Let Them Eat Cake or Nothing-Biotech Wars
The Saturday NYT article "China's Problem With 'Anti-Pest' Rice" by David Barboza was typical pro-Green propaganda from the paper of record. Apparently, the staple crop of China has been given an incredible boost from bio-technology and can fend off pests without the need to apply chemicals to the farmlands. Planting and reaping become the major activities in rice farming. No longer is labor wasted on applying pesticides with this modern form of seeds.
One would think this is good news for ecologists. However, despite increased production and healthier crops, bio-tech foods go against the grain of the eco-lobby. And naturally, writer Barboza gave Greenpeace and their arguments against bio-tech rice ample voice. Using scare tactics, the greenies called the new rice "irresponsible and dangerous" as if starvation and economic failure is an approved alternative.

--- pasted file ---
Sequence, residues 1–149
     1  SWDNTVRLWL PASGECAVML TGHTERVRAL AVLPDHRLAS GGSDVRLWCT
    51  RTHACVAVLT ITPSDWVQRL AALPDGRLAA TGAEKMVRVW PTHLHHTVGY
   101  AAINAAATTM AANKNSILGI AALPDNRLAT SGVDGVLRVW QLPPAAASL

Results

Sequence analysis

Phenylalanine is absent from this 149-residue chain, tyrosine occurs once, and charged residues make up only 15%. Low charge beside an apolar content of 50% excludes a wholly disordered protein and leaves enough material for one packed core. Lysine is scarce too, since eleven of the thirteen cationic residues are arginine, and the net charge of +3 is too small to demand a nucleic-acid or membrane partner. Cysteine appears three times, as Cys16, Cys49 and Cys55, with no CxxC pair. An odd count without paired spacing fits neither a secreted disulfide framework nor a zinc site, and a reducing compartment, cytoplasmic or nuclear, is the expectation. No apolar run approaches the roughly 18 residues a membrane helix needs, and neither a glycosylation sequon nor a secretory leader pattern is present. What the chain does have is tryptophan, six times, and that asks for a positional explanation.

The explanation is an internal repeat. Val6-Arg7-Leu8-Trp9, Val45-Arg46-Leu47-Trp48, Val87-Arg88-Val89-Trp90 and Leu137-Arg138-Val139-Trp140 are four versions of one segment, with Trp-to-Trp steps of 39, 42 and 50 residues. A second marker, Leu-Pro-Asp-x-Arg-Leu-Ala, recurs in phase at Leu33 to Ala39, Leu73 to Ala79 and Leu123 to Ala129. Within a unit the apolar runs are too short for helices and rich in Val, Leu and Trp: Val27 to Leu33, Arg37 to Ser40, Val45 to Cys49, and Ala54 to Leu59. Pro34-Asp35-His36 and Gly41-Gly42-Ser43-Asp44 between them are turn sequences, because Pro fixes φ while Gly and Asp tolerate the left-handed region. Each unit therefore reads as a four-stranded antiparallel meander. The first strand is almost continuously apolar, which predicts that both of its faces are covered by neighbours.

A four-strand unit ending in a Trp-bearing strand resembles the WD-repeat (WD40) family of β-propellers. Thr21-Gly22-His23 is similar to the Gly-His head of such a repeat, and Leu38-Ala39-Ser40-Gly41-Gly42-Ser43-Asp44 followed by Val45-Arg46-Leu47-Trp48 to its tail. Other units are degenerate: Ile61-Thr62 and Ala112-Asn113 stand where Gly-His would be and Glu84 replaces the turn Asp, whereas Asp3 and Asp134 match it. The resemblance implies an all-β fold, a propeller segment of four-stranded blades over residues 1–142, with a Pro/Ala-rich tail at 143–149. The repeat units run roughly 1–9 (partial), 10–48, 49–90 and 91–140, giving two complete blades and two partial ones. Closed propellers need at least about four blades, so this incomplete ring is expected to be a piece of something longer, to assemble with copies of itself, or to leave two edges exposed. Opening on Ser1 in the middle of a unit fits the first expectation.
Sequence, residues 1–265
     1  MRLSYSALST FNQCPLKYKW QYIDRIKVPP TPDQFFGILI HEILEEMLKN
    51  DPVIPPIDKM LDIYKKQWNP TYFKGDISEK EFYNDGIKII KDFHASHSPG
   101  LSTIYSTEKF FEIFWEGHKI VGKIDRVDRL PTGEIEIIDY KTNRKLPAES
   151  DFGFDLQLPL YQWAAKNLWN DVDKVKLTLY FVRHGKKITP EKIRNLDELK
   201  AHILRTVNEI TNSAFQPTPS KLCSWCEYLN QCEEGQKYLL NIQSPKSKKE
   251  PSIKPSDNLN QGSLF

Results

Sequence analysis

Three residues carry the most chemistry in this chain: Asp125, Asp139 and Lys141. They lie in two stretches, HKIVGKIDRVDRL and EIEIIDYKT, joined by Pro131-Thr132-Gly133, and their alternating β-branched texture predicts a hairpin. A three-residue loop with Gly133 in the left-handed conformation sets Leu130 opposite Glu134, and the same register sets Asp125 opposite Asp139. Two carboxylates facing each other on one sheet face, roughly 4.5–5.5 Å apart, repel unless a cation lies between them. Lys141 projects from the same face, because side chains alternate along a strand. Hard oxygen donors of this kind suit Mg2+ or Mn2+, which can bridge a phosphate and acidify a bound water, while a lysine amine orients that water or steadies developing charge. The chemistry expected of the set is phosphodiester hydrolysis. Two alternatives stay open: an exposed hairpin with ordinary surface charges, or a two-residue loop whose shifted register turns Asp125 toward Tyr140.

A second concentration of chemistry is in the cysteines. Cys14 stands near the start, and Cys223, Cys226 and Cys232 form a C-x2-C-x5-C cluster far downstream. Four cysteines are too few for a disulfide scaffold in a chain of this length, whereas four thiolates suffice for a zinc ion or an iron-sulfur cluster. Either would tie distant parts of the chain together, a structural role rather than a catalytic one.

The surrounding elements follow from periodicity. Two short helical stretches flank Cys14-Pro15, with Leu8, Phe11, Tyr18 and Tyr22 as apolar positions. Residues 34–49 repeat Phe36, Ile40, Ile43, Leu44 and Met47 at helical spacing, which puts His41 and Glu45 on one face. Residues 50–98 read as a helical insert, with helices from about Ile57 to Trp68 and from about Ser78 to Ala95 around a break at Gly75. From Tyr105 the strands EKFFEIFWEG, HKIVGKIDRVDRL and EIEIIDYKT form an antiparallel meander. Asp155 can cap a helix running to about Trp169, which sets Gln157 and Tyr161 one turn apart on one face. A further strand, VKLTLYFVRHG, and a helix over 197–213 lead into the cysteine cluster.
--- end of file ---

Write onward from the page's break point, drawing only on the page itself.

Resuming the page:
The big lie of the article is the claim that bio-tech crops are new. Reason's science writer Ronald Bailey has written consistently on the safety of such crops. In addition, he advises that bio-tech crops have been eaten in the USA for decades without side-effects as concocted by the greenies. Bailey refers us to a report by Daniel Botkin in the Western North American Naturalist on how commonplace and natural "biological invasions" are.
But a balanced approach to this subject would never appear in the NYT. That Greenpeace is looking to halt this agriculture in the name of safety and will pursue world pressure to reach that end is repehensible. In Barboza's defense, he does mention how the farmers themselves are eating the crops they have grown. Yet, we did not miss the snide message when he ended the article with this quote from a farmer: "I don't believe the government would poison its own people". I suppose starvation is a better alternative, according to the left.
Additionally, per Michael Fumento, the experience with corn is the bio-tech version is healthier for people to eat. The Bt corn does not hold the mycotoxins from mold reducing the incidence of birth defects. Meanwhile, he reports that organic corn was removed from the market in Britain due to contamination from 4 to 33 time the EU approved limit. As Fumento queries, the same recall of Bt corn would have gotten big headlines. And writer Barboza would have gotten the front-page splash at our paper of record, no doubt.